Britain to host UK-China summit after human rights tensions

LONDON - Britain will host Chinese Premier Li Keqiang in London next week for an annual summit, Prime Minister David Cameron's office said on Tuesday, two months after a human rights row between the two nations derailed talks.

Li will meet with Cameron at his London residence on June 17, a reciprocal visit following the British leader's trip to China last year, Cameron's spokesman said. "The prime minister will meet with Premier Li and their discussion will cover a wide range of bilateral issues, including trade, investment and commercial opportunities and the energy and cultural side," Cameron's spokesman said.

Cameron met with Premier Li in December when the largest-ever British mission of its kind went to China to patch up relations between the world's sixth- and second-largest economies.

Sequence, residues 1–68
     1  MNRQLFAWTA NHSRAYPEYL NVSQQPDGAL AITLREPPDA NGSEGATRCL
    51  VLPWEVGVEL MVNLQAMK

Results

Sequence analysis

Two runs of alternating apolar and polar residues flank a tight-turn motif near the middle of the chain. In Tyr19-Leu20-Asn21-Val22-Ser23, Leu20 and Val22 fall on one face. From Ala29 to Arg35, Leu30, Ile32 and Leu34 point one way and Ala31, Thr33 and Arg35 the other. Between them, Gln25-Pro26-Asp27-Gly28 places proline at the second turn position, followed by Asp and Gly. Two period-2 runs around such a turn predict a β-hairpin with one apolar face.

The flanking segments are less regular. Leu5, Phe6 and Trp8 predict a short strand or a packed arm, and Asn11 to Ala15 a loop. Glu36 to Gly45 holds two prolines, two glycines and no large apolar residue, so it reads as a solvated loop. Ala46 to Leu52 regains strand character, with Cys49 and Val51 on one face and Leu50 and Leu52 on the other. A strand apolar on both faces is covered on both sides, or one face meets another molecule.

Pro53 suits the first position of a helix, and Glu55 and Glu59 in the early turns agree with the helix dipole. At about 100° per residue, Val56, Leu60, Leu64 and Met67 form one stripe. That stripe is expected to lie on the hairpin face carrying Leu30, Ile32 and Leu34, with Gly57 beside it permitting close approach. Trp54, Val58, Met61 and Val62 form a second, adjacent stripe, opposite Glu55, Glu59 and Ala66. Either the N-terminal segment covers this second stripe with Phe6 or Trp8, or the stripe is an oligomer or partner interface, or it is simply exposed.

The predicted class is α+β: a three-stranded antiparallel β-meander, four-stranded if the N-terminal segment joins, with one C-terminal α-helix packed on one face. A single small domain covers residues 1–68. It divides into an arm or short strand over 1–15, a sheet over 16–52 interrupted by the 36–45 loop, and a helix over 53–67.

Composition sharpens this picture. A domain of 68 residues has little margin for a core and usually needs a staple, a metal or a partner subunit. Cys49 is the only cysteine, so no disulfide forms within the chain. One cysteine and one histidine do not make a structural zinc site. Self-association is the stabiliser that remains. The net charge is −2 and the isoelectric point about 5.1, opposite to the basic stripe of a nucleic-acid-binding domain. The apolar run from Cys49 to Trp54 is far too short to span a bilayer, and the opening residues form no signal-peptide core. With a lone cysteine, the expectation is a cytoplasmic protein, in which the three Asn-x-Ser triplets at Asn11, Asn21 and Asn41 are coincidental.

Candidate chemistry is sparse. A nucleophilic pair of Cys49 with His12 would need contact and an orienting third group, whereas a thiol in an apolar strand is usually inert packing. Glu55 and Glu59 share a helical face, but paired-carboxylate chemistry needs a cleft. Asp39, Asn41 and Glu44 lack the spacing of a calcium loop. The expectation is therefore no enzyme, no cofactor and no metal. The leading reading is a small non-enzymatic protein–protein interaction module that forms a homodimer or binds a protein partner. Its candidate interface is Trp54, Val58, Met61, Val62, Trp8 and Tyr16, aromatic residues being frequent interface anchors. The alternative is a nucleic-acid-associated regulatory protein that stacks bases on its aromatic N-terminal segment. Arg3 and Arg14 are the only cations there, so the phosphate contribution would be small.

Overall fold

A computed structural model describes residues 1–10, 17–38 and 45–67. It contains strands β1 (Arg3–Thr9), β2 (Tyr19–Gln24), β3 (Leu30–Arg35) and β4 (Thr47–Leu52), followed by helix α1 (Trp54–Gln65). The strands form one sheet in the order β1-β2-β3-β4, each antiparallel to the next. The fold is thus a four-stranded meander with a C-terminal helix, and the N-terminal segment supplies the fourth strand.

A rift over Britain's stance towards Tibet and the Dalai Lama, Tibet's spiritual leader, prompted London to cancel a planned trip by Cameron in 2012 after Beijing said its leaders would not be free to meet him.

Differences surfaced again in April this year when China was angered by a British Foreign Office document criticising China's human rights record. In response, Beijing called off a meeting to discuss human rights in London at short notice.

Cameron's spokesman said that all issues, including human rights, were up for discussion at next week's meeting.